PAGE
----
As those who know me will tell you, my main area of interest and specialty is the politics and recent history of the middle east. I'm frequently asked why I have so much interest in the region. Well, by frequently I mean whenever I choose to discuss the subject, which isn't too often since I have a lot of opinions and thoughts on the matter and don't like to seem to drone on about controversial or, worst, boring issues. I guess that's what blogs are for, eh?
Anyway, the reason for my interest in the middle east is that it's such a dynamic area. I mean, many of the governments have been stagnant for the past 50 years, but if you look on it with the only slightly larger scale of 100 years there have been amazing changes. The transition from the at least nominally united Ottoman Empire to colonial mandates and protectorates to the various independent nations has been a rocky one, and quite intellectually intriguing. What really sucked me into the area was reading about the Iranian revolution. There are not a huge amount of real popular revolutions in the history of mankind, and to see one in action (I would argue that it is far from over) is very educational.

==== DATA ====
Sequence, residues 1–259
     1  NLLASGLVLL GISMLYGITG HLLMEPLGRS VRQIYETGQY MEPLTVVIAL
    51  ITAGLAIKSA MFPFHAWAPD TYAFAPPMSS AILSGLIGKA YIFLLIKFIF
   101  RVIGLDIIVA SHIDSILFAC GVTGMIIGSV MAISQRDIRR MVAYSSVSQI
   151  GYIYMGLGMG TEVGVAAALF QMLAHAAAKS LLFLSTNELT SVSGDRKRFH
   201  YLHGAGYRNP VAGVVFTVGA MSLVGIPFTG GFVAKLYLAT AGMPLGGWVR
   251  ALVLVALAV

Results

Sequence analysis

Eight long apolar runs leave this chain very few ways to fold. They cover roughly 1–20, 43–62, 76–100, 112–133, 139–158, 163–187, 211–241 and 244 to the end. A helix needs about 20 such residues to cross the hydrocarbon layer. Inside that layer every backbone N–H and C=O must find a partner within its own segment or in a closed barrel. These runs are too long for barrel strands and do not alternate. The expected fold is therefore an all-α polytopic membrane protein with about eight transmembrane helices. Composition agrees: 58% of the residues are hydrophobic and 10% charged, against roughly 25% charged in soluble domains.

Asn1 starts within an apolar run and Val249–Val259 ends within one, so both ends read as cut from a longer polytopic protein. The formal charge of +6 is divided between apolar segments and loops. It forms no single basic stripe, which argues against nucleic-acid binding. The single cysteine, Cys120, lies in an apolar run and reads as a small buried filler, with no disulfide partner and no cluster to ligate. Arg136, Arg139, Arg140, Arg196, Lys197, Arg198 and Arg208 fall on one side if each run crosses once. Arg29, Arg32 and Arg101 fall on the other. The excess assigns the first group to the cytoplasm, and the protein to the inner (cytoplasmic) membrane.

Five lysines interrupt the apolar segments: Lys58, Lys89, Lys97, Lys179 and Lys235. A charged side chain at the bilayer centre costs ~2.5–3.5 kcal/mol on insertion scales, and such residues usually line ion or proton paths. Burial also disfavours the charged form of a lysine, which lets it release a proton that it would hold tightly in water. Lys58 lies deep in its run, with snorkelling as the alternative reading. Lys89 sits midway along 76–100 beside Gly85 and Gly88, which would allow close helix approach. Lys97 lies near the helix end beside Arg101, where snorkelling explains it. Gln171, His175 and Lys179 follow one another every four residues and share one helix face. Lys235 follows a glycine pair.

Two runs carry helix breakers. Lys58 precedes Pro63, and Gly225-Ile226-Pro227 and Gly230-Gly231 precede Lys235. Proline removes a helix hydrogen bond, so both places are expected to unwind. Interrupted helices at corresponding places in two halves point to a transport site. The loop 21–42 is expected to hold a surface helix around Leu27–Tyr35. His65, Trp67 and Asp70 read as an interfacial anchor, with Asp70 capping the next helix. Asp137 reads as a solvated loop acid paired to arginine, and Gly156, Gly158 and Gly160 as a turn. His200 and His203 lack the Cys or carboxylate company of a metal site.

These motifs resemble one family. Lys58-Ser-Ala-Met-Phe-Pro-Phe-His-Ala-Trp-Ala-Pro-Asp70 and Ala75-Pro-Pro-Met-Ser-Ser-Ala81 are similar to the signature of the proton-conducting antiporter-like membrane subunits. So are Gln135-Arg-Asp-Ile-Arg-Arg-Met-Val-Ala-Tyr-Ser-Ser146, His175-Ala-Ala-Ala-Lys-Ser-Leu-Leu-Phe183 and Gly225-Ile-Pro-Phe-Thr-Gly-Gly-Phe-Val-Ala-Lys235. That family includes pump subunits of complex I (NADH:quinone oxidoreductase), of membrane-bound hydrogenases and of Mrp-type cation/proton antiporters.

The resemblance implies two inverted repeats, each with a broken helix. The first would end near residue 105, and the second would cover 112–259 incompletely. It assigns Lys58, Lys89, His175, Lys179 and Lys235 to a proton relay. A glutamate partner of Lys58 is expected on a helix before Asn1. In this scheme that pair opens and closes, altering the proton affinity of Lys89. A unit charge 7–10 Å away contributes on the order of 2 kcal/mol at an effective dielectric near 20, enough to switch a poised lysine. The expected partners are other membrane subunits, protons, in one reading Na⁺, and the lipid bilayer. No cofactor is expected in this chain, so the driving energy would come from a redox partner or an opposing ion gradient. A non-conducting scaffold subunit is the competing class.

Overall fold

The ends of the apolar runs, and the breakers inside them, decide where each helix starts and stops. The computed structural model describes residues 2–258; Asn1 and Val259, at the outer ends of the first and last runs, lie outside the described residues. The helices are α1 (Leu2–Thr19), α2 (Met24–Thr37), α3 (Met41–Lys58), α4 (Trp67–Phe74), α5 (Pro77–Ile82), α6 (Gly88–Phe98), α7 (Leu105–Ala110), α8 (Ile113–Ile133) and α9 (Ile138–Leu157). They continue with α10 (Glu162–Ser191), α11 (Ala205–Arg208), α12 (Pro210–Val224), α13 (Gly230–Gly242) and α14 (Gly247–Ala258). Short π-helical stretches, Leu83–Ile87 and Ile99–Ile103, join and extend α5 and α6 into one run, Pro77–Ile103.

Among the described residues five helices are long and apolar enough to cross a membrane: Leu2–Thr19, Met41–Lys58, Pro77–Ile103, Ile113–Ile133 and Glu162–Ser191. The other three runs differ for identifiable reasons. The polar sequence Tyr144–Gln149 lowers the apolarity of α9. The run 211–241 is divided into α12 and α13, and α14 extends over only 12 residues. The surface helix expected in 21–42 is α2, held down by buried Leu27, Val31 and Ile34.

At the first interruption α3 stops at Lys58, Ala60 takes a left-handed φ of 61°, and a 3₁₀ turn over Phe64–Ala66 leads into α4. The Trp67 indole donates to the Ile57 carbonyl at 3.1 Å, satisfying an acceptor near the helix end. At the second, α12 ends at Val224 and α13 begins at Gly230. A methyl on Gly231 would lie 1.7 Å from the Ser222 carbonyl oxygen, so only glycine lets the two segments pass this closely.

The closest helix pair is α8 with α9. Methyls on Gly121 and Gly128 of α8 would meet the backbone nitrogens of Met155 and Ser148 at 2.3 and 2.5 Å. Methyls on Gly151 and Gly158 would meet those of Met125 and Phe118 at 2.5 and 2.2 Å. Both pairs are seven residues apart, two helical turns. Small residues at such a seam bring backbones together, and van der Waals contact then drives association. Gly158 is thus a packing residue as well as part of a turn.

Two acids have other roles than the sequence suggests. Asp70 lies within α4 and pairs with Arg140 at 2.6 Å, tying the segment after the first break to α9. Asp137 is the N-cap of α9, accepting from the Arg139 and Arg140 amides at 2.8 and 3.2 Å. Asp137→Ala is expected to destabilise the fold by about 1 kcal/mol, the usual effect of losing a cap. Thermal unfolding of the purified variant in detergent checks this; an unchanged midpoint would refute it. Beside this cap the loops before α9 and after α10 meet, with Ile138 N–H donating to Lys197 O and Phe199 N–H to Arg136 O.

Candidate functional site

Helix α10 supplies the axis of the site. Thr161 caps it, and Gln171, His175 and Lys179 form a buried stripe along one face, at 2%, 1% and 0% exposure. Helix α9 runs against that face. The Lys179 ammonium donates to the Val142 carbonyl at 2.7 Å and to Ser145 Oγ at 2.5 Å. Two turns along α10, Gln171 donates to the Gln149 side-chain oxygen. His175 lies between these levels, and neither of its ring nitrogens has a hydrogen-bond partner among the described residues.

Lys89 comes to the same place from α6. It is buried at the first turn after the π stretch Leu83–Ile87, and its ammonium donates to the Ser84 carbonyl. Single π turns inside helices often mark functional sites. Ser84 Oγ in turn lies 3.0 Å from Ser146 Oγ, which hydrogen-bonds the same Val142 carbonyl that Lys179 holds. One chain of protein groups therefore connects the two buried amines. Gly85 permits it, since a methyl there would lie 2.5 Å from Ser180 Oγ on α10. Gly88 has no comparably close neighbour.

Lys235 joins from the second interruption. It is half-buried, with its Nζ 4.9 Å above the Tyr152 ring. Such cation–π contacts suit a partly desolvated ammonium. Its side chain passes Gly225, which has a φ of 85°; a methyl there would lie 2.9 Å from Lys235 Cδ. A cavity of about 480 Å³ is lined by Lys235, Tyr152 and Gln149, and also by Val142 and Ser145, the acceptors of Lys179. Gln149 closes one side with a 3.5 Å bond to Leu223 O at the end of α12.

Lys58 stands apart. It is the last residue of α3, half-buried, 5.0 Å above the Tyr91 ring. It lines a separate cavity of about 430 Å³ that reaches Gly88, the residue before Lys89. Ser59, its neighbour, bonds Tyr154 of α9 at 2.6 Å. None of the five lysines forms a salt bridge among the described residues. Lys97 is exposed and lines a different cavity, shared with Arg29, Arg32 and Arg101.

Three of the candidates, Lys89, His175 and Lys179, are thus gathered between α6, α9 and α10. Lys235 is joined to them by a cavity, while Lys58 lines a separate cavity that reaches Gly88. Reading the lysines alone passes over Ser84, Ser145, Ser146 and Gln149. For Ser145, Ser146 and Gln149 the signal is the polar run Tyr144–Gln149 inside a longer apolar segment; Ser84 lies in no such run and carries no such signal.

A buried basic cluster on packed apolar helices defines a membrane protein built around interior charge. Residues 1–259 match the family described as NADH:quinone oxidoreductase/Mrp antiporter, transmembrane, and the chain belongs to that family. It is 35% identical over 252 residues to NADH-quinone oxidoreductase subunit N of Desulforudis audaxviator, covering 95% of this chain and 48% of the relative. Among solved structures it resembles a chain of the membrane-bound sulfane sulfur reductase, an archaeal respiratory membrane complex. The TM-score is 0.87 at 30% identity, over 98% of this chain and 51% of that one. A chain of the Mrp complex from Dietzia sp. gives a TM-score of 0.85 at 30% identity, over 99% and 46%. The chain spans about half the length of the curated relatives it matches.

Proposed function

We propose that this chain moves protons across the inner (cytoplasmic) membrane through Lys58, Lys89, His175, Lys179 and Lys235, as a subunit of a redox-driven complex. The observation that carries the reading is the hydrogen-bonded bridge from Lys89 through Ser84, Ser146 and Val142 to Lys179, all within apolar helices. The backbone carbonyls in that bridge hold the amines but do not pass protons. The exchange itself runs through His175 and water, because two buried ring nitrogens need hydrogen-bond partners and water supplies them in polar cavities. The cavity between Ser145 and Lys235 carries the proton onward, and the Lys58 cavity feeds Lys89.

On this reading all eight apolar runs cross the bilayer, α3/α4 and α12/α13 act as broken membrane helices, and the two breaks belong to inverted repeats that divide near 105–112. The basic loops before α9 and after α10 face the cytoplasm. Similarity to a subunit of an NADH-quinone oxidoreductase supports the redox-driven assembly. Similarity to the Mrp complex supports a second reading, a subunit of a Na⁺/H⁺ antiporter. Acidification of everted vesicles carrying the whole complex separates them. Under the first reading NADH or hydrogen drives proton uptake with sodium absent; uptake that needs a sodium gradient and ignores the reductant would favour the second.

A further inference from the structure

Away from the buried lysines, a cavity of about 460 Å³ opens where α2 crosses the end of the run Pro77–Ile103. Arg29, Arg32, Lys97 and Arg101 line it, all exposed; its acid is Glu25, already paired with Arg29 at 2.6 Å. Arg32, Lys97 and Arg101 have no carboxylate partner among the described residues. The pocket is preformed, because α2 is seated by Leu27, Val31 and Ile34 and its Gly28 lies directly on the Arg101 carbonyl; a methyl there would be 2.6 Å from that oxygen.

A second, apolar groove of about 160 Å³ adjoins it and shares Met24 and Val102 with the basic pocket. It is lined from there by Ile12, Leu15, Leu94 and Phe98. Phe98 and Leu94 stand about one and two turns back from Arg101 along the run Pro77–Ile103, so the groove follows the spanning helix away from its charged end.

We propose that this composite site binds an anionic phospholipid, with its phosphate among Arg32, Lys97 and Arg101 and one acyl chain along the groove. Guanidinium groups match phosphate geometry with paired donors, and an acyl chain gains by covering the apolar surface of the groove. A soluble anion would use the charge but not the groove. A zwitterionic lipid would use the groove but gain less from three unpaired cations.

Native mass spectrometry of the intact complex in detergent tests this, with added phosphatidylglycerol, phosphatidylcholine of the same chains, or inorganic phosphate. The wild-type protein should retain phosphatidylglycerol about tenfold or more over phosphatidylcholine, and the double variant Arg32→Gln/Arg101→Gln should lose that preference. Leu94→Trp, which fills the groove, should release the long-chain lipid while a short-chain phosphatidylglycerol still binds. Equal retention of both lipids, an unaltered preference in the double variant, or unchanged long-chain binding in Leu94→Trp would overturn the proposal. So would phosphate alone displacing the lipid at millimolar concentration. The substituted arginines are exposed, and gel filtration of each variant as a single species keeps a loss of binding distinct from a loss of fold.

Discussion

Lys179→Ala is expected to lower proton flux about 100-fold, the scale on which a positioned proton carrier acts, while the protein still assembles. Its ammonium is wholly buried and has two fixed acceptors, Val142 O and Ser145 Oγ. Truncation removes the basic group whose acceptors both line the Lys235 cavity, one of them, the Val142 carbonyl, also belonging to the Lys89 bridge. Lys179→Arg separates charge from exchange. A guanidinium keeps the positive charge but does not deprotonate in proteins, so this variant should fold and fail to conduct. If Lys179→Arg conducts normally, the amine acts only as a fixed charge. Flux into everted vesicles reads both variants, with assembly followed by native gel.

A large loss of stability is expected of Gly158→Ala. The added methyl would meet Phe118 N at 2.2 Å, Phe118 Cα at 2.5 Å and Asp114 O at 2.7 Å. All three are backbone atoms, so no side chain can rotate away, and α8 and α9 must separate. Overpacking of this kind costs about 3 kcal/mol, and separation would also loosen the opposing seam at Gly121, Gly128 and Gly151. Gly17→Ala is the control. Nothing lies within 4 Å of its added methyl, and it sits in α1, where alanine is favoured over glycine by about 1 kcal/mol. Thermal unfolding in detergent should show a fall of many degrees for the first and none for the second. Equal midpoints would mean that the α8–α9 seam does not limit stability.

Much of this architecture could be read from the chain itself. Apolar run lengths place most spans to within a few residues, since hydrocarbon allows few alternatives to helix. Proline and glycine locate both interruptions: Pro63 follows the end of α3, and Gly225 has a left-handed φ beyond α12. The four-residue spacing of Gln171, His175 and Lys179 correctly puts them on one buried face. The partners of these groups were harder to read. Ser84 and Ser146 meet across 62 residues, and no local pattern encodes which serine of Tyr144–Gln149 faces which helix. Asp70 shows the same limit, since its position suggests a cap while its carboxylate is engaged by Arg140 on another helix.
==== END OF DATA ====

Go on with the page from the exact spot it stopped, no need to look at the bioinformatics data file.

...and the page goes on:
There is still much change ahead for the region. It is both a powder keg and a place with great potential and hope. For these reasons, and others, I am captivated by the middle east. So I cannot help but to make it one of the main focuses of my writing here. Of course, as an American, I'll likely often focus on American policies in the region. I'm sure that at times I'll sound like a leftist who wants to blame all the regions problems on American actions. I must protest in advance that it will only seem so. As an American I feel that it is America's policies that it is my place to criticize. One recent NY Times editorial really angered me in its advising of Iraqis on how to write their constitution. What place is it of theirs to tell Iraqis what type of government they should have. Not that anyone writing the constitution would probably be looking to the Times for advice on the matter. I can see in the meeting "Well, what are we going to do about the enforcement of national law in the semi-autonomous north?," "Hmm, I was reading the Times today, you know Chalabi's mouthpiece, and they've got some great advise." I bet that's not happening. But my point is that I comment on American policies because that where I live. Oh yeah, and I'm certain to sound like a leftist.